The Tennessee Board of Education has passed a proposal to cut a section from the curriculum of seventh graders that teaches about the Islamic faith. The section entitled “Islamic World 400 A.D./C.E.-1500s” has always included teachings about the five pillars of Islam. But after the Board’s decision, the content in this section will be moved into other units or cut out.
Teachers, parents and the public were able to share their opinions about the current standards online, and even though this section only took one week to review, it was a topic of contention. During a time of increasing focus on terrorist attacks and islamophobia, some people thought that this material could influence the minds of young individuals in the “wrong” way.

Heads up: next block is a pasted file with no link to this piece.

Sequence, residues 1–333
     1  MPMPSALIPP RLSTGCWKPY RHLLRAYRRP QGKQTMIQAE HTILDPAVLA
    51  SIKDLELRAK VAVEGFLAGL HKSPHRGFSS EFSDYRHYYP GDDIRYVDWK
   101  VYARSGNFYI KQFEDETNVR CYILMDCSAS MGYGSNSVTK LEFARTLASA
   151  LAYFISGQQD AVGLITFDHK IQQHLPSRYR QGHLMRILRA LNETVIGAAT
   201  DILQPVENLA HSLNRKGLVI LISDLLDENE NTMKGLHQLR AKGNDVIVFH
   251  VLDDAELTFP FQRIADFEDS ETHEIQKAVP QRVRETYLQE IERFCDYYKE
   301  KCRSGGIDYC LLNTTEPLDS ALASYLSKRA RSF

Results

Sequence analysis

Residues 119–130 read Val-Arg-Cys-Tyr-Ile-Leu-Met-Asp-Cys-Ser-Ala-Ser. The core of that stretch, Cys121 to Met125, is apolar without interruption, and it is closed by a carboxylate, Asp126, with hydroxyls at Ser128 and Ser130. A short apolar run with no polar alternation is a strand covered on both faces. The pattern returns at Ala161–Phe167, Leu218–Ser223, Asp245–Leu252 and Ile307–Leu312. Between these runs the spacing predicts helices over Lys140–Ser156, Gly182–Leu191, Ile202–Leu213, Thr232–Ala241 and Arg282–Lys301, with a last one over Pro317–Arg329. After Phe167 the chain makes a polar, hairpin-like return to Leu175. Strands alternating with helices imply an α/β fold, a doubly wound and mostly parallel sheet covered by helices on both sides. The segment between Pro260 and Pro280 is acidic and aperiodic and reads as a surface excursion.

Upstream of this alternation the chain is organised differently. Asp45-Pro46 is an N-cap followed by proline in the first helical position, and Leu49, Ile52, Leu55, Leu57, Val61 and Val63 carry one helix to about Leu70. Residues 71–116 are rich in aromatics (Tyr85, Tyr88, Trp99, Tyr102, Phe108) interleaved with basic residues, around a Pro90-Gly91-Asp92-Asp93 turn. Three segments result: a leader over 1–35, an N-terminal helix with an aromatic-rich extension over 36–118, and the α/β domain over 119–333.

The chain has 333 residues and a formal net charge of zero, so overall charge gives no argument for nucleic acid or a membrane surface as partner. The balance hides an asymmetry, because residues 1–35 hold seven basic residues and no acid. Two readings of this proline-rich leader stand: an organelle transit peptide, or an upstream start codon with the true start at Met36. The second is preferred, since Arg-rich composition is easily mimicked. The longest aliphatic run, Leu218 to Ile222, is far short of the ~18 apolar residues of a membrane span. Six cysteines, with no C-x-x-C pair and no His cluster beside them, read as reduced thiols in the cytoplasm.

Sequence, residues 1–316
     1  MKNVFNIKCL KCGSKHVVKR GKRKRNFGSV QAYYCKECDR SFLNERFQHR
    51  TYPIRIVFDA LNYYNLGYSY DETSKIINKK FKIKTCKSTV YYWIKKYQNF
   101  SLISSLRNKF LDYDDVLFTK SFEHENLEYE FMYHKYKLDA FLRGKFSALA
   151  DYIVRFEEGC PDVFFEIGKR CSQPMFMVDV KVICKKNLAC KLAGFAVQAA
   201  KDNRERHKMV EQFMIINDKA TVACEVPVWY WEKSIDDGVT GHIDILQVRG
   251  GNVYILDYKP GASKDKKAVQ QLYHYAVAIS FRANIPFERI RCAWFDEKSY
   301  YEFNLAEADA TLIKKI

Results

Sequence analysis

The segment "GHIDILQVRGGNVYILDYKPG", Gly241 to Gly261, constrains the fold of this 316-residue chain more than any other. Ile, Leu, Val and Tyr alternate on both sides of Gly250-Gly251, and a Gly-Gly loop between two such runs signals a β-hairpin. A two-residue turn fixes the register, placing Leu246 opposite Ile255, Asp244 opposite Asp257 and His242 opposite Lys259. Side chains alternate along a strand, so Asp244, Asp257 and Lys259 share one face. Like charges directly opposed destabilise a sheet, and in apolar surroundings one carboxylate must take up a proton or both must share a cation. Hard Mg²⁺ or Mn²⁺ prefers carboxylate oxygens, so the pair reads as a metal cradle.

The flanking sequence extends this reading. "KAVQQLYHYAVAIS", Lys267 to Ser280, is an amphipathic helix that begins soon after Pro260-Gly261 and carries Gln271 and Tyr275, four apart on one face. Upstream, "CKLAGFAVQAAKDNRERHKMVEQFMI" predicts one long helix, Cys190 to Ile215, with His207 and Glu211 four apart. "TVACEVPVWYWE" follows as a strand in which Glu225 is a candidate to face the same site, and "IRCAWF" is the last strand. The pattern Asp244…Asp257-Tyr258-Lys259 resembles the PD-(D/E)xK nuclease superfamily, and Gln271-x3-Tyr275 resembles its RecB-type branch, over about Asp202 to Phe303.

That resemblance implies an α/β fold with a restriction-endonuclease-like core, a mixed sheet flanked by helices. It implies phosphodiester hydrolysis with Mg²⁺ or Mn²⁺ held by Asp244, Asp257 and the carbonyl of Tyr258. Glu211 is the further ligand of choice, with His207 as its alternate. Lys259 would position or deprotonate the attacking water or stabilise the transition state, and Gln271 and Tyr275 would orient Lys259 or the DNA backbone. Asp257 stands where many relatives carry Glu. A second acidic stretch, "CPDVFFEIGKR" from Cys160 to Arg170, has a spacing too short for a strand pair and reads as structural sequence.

I spoke with David St. Clair, a religion professor at Emory & Henry, about his thoughts on the new curriculum. When asked if he saw anything wrong with the board’s decision he replied, “almost everything.”
We went on to have an insightful conversation about the importance of knowledge. St. Clair voiced his opinion that exposing does not equal promoting, and that what our children see on television is not the whole picture. According to St. Clair, “there should not be limits on what we teach.”
During this time of contention and fear, the greatest threat is arguably a lack of knowledge, especially among our youths.
– Sydney Cooke